|Monday, August 28, 2000||
Volume 66, Issue 6
GSSW associate dean expresses shock at pending sexual harassment lawsuit
|$1.4M grant will
promote new program to increase technology in education
By Deanna Sheffield
The UH College of Education will begin implementing a program designed to give future educators technology proficiency next week with help from a $1.4 million grant given to the college.
The U.S. Department of Education awarded the grant, which will provide an average of $500,000 a year for three years, to the college last June.
The College of Education will head a group of secondary schools, community-based organizations and technology companies seeking to address the challenge of improving teacher education through technology proficiency.
Future teachers preparation programs will be transformed into "21st century learning environments," said Sara McNeil, a faculty member in the UH Instructional Technology Program Area.
Through new innovative programs, faculty members will be able to improve their technology skills and assist future teachers in developing technology proficiency, McNeil
"We have began working with faculty and contacting them to see what their technology needs are," said Melissa Pierson, UH assistant professor. "We hope to encourage faculty to use technology more in their programs."
The College of Technology will also transform its single required technology course into a series of technology sections to be taken over three semesters, which McNeil said will allow students to better develop proficiency in the latest technology.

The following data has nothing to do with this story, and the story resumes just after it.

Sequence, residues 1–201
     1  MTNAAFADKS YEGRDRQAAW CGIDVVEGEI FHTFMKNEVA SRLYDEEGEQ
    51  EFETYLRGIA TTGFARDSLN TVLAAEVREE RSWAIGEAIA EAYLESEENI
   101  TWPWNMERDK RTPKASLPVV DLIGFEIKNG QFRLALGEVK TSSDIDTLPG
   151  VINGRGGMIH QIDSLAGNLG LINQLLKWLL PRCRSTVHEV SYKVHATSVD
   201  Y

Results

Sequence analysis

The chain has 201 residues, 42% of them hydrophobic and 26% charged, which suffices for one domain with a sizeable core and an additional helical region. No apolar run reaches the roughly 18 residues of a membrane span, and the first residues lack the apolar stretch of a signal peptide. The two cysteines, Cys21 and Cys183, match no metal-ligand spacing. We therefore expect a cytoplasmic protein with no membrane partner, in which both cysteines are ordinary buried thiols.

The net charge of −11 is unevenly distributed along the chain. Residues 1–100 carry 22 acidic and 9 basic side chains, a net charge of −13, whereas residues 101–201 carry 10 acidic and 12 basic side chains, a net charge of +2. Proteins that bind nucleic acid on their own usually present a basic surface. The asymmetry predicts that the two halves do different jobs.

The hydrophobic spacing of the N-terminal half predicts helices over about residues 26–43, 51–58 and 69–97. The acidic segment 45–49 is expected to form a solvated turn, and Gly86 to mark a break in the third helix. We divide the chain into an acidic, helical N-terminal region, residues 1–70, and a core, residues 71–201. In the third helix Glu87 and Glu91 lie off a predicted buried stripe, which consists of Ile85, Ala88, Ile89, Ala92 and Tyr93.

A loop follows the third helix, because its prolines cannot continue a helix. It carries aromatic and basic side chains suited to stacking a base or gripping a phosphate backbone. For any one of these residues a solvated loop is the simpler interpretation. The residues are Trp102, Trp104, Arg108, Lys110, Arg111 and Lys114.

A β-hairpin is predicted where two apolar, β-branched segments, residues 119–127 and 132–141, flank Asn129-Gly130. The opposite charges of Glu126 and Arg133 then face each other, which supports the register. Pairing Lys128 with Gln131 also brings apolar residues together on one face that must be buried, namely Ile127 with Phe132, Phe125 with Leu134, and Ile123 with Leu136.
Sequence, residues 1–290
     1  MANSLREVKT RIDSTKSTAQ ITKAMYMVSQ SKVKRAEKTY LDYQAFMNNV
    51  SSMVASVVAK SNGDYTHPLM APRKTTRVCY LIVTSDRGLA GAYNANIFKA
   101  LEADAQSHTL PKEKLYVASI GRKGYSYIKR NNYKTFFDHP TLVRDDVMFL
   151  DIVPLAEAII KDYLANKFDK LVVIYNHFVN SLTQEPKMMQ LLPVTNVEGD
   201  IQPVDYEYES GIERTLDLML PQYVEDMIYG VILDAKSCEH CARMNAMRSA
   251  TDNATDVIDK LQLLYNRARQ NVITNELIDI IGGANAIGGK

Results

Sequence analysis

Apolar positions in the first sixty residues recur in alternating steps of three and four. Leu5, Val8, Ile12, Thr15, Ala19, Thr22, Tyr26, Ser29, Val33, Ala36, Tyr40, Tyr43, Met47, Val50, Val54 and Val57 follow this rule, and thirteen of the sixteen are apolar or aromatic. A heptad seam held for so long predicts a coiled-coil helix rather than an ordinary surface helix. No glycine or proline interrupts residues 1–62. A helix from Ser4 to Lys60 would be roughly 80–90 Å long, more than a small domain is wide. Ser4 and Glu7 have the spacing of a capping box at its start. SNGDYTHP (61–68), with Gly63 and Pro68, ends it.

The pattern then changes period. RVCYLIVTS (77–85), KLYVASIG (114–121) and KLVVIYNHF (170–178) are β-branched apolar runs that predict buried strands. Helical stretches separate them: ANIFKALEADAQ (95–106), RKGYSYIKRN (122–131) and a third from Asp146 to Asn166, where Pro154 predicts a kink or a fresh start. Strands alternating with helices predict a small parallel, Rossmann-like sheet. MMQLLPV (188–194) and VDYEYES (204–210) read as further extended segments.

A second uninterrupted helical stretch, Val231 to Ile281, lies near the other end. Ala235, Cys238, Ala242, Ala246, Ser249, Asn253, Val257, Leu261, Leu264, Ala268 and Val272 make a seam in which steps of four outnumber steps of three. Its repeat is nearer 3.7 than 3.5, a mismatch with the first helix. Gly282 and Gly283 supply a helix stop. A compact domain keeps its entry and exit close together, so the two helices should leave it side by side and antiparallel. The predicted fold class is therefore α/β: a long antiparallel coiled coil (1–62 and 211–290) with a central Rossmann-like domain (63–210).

"We have met with students this week to inform them (about the new program)," Pierson said. "Everyone was very positive and supportive."
Students will begin developing electronic portfolios throughout their studies at UH, and virtual campus resources in the form of traditional and online video collections will allow future teachers to gain what McNeil called "field-based experiences" with classroom technology.
"They'll be working on things from other classes and using technology to help them," Pierson said. "The goal is to graduate teachers who are comfortable with technology."
The College of Technology will also collaborate with Houston-area school districts to establish networked learning communities of university faculty, teachers and school-based educators, McNeil said.
In order for students to have immediate and flexible participation in the communities, they will all be able to buy or lease portable computers next year, McNeil said.
The $1.4 million grant, which was funded under the Preparing Tomorrow's
Teachers to Use Technology program, will be matched by UH and contributors
including Apple Computer, MCI Worldcom and eight schools in the Houston
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